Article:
Vivian Hsu, Director, ETFs, Fidelity Canada analyses using factors to navigate through volatile markets in our latest insight from Inside ETFs Canada 2020.
The S&P 500 Index peaked on February 19, 2020, as the global COVID-19 pandemic became a market reality. The outbreak would end arguably the longest bull market in history, which began after the global financial crisis in 2008.
The combination of a supply shock to the oil market and global supply and demand shocks was unusually severe. What ensued was an extremely sharp correction, with the S&P 500 Index falling by 23.5% (USD) by March 31, 2020, and similar corrections across the globe. Although markets have recovered from their troughs, it is still unclear what the future holds.
During this time, investors have experienced a gamut of emotions, ranging from fear and panic to hope and optimism. It has become clearer than ever that investors need to plan, and not just react. We all know that markets go up and down, that recessions come and go – and that if you have a long-term time horizon, there are ways to achieve strong risk-adjusted returns in all environments. The important questions are, “How is my portfolio positioned to mitigate additional downside risk?” and “How can I position my portfolio to participate in a recovery?”
The study of equity style factors, which include dividend yield, low volatility, quality, value, momentum and size, offers some answers to these questions. Equity style factors have been empirically researched for many years, and have been shown to outperform the broad market over the long term. Allocations to these factors can help provide flexibility and stability in tailoring a portfolio to investors’ specific investment goals.
Factor performance during the drawdown phase
Looking back to 2000, there were six occasions on which the S&P 500 Index experienced a drawdown of 10% or more, including the current correction.
Historically, equity factor performance has varied, depending on the market environment, and because not every correction is the same, and the catalysts may differ. On average, however, defensive factors such as low volatility, dividend yield and quality have typically outperformed.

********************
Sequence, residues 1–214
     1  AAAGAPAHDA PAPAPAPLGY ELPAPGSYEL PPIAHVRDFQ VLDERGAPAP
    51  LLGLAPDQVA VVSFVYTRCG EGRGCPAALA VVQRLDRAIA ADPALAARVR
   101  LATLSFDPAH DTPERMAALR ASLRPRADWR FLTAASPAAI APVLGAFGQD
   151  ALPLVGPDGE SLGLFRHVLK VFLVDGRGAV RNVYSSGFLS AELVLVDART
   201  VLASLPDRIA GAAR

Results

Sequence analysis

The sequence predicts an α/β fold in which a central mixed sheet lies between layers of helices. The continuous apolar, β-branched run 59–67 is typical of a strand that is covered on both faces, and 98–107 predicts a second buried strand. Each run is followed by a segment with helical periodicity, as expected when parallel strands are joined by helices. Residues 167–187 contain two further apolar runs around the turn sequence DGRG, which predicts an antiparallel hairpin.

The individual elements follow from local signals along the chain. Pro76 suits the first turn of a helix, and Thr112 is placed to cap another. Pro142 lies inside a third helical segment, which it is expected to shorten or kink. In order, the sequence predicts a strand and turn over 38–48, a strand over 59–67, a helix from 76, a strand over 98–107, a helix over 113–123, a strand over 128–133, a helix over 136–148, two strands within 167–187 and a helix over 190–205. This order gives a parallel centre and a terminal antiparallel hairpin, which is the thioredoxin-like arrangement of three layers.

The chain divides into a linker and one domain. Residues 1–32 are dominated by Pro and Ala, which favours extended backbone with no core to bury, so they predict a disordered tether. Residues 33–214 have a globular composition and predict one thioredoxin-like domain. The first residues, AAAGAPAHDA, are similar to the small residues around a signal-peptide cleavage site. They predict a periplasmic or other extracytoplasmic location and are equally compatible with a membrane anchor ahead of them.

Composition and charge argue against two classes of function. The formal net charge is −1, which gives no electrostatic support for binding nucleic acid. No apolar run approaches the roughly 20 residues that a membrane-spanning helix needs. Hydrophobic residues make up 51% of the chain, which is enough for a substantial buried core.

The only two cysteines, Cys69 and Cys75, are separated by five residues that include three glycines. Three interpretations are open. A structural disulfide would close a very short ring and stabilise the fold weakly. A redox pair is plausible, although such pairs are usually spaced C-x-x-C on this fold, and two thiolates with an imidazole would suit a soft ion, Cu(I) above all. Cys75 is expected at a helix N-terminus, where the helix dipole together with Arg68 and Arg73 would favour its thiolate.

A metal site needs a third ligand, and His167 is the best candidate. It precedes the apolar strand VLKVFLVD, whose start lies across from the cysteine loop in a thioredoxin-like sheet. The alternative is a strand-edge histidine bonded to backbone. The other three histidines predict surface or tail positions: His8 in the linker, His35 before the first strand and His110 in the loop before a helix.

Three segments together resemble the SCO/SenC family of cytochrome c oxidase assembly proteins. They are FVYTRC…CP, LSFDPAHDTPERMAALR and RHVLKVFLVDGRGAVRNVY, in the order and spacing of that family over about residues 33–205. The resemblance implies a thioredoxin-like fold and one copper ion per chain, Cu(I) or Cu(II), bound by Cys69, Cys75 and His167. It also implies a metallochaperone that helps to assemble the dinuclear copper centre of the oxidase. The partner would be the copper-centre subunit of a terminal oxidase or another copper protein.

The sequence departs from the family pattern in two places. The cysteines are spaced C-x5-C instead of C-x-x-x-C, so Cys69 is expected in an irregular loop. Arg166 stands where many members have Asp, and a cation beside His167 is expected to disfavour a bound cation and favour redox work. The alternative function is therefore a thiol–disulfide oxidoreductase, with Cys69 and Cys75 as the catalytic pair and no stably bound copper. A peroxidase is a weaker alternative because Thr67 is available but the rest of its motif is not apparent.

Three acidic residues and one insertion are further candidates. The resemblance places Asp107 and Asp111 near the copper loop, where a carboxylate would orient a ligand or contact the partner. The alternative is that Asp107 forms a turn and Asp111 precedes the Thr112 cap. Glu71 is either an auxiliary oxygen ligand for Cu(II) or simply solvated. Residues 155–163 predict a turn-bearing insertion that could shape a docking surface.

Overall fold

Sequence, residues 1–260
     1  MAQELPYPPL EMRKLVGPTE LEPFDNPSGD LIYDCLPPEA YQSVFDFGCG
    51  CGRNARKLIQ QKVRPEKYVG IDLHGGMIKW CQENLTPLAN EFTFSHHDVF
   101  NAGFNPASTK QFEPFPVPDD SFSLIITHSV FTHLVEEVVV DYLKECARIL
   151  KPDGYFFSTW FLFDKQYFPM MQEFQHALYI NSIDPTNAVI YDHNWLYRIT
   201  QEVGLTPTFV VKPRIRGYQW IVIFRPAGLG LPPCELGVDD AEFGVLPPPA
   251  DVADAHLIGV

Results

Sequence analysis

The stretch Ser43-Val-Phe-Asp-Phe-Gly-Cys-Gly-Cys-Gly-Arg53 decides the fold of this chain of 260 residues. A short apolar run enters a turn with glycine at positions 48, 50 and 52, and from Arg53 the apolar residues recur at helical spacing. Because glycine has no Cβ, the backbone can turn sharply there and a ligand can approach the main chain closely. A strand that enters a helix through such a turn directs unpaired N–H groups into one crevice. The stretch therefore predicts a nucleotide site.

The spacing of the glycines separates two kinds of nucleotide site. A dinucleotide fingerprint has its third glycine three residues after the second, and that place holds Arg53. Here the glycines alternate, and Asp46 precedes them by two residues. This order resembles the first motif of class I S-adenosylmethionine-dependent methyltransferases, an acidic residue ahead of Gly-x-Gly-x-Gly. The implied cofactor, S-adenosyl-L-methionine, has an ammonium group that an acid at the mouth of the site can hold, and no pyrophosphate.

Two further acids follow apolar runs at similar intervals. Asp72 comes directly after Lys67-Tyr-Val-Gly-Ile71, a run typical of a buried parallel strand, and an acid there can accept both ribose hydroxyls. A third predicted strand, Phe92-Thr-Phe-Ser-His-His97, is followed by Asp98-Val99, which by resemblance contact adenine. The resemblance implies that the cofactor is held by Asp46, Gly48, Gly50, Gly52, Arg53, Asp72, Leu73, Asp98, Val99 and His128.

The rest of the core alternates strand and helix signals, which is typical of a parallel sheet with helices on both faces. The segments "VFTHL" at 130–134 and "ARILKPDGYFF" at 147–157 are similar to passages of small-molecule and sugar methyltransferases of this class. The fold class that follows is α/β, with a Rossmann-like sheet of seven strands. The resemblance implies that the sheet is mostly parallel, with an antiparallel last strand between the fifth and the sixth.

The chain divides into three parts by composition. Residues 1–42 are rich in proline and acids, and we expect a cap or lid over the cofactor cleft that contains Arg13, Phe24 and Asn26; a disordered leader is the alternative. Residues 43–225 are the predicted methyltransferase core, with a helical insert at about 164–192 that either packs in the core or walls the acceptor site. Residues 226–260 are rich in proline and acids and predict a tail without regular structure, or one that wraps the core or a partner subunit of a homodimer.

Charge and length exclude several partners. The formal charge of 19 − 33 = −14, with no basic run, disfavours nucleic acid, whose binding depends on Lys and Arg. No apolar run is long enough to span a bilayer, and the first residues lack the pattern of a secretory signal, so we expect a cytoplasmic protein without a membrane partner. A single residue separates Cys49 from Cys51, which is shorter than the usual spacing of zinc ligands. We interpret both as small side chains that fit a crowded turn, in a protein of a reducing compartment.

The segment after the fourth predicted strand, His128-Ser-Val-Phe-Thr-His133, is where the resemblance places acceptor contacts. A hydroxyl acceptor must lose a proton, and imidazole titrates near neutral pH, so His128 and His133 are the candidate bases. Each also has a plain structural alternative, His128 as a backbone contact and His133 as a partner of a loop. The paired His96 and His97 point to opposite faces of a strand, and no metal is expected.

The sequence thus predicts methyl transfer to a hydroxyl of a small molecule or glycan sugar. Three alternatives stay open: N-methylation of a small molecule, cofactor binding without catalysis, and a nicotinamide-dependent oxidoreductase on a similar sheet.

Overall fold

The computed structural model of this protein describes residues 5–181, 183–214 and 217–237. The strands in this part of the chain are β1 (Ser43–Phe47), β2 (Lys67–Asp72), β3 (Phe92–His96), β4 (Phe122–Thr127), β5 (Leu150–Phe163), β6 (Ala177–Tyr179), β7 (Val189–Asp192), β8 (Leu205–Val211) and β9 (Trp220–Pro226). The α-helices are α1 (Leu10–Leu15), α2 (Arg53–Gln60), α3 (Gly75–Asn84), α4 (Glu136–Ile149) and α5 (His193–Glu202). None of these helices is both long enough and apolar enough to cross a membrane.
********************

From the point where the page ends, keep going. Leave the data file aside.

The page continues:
(Re)positioning for the recovery
Historically, all the factors participate in the rally as markets rebound, but to differing degrees. Size and value tend to outperform the broad market, in the three, six and twelve months following the trough of the corrections.
This is probably because small-cap stocks tend to underperform during a correction but then outperform during the recovery: they carry more risk than large-cap stocks, and therefore tend to benefit when investors’ risk appetite increases.
Value stocks, meanwhile, typically include stocks that have become inexpensive or beaten-down, and can then outperform as economic growth turns positive.
Using factors as a tool for portfolio construction
We have a good idea of how equity factors behave in drawdowns and recoveries, but applying this knowledge to portfolio construction is no simple matter. It is very difficult to time the market from peak to trough and trough to recovery, especially with any consistency.
Equity style factors are used most successfully in combination, in a long-term investment plan that captures the potential of all of them. Investors can achieve their investment objectives in a variety of market environments, through opportunistic or strategic exposures to the factors.
Allocations to low volatility, dividend yield and quality factors tend to offer more protection and can be used to position a more defensive portfolio. On the other hand, investors who have a bullish outlook might favour allocations to the value and size factors, which have greater potential for upside participation after a market trough.
But markets can be unpredictable and volatile, especially in the short term. Accordingly, combining multiple style factors will not only add diversification to an investment portfolio but also offer more stable returns over the long term, regardless of what the market is doing.
If you would like to learn more about how factors behave during corrections and recoveries, read our latest whitepaper.
For more information, please contact your financial advisor or visit fidelity.ca
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